First Day of Fall: Think Fall Prevention
Injury from falls a leading cause of death for Tennessee seniors
NASHVILLE– A simple fall can be a nuisance for many people, but for a senior adult, it can be a matter of life or death. Tennessee Governor Bill Haslam has declared September 22, 2013 as Falls Prevention Awareness Day to promote simple ways to prevent and reduce falls among older adults.
“Falls are not a ‘normal’ part of aging we should expect or accept,” said TDH Commissioner John Dreyzehner, MD, MPH. “Most falls are predictable and preventable, and we’re working to educate Tennesseans about this important health issue so we can all remain active and independent for years to come.”
The theme for Falls Prevention Awareness Day 2013 is Preventing Falls-One Step at a Time. This observance is designed to unite professionals, older adults, caregivers and family members to play a part in raising awareness and preventing falls in the older adult population.
Falls are a leading cause of death and injury in Tennessee. TDH data show adults aged 65 and older made up 86 percent of all deaths from falls in 2011, while comprising only 13.7 percent of Tennessee’s population.
“Tennessee’s population of senior adults is expected to increase 61 percent between 2011 and 2030, so it’s important to address this growing public health issue,” said TDH Injury Prevention and Detection Program Director Rachel Heitmann, MS. “For many of our seniors, preventing falls is a way to maintain independence and quality of life and reduce health care costs.”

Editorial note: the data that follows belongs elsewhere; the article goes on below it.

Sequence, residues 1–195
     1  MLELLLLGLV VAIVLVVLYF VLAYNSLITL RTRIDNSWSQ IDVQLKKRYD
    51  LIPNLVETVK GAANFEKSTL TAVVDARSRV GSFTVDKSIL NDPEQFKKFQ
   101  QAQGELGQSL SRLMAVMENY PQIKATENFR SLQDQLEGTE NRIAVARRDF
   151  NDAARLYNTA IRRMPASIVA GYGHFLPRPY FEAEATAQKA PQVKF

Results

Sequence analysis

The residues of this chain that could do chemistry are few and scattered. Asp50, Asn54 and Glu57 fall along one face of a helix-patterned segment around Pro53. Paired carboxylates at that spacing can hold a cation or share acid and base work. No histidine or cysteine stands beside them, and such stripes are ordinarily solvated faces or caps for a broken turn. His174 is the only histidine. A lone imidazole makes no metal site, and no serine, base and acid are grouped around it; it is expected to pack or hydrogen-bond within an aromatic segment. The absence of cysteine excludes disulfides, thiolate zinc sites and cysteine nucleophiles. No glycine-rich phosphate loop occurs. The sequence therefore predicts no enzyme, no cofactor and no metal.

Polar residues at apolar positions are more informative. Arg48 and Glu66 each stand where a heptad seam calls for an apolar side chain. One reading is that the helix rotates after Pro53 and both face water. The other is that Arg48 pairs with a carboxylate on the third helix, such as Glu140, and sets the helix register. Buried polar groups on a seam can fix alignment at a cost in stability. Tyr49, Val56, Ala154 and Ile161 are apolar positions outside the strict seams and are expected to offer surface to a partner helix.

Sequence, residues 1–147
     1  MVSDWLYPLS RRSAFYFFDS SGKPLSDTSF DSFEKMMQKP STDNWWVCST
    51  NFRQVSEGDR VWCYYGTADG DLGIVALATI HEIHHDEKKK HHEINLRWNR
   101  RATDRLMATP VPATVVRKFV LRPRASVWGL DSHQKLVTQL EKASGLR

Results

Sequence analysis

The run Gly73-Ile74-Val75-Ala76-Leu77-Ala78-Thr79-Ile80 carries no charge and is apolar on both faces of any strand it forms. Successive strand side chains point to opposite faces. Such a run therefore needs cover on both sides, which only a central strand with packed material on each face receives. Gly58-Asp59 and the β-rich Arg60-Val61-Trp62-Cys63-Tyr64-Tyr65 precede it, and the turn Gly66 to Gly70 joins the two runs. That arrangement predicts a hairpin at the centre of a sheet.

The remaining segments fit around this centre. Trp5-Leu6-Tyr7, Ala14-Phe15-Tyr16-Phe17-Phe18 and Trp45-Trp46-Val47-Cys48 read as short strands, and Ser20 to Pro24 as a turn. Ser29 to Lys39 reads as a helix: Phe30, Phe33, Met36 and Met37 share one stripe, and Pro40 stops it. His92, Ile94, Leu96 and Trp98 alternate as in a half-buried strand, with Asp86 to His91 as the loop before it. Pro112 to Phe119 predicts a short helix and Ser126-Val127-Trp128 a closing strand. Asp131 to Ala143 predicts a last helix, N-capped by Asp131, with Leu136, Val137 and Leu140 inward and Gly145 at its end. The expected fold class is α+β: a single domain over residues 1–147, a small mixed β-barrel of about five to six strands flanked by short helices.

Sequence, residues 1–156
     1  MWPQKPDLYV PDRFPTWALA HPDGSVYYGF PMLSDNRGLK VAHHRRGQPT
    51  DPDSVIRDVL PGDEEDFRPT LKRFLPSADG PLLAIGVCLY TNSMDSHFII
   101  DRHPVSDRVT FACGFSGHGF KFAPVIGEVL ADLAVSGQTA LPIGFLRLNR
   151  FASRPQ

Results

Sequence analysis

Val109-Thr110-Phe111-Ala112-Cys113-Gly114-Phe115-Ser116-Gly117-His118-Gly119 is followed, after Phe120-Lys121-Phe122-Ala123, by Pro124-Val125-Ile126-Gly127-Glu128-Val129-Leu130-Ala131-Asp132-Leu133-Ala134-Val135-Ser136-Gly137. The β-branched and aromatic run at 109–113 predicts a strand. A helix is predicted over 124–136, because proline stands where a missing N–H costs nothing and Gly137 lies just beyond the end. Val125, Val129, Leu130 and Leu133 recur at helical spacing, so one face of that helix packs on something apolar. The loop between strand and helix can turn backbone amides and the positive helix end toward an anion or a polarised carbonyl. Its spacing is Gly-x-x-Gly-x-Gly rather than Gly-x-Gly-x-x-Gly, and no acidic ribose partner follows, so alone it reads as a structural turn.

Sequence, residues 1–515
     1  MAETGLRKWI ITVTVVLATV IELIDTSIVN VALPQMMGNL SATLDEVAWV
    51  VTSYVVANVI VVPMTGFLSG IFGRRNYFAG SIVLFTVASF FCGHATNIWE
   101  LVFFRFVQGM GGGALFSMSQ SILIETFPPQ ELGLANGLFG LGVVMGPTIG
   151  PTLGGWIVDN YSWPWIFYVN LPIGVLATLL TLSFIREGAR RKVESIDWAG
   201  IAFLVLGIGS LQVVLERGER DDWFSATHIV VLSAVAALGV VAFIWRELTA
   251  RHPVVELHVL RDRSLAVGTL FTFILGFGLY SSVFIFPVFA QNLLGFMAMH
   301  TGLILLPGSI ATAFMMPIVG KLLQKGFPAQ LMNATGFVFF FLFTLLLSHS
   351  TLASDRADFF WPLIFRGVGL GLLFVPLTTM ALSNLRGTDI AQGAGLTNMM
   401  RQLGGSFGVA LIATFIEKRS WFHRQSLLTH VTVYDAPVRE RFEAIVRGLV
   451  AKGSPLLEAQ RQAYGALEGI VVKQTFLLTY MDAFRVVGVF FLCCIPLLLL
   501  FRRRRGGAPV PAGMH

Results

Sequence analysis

TDH recommends the following simple strategies for preventing falls among older adults:
- Exercise regularly
- Have annual vision checks
- Review medications with your health care provider to reduce side effects
- Wear sensible shoes
- Perform a simple fall prevention checklist to reduce hazards
The Centers for Disease Control and Prevention has a checklist available online at www.cdc.gov/ncipc/pub-res/toolkit/checklistforsafety.htm.
Tennesseans of all ages are urged to take precautions to prevent falls, which are the top cause of traumatic brain injury in Tennessee. In 2011, more than 49 percent of traumatic brain injury-related hospitalizations in Tennessee were due to falls. In that same year, more than 46 percent of TBI-related emergency department visits in our state were due to falls. Learn more about the TDH Traumatic Brain Injury Program at http://health.state.tn.us/TBI/index.htm.
The mission of the Tennessee Department of Health is to protect, promote and improve the health and prosperity of people in Tennessee. For more information about TDH services and programs, visit http://health.state.tn.us/.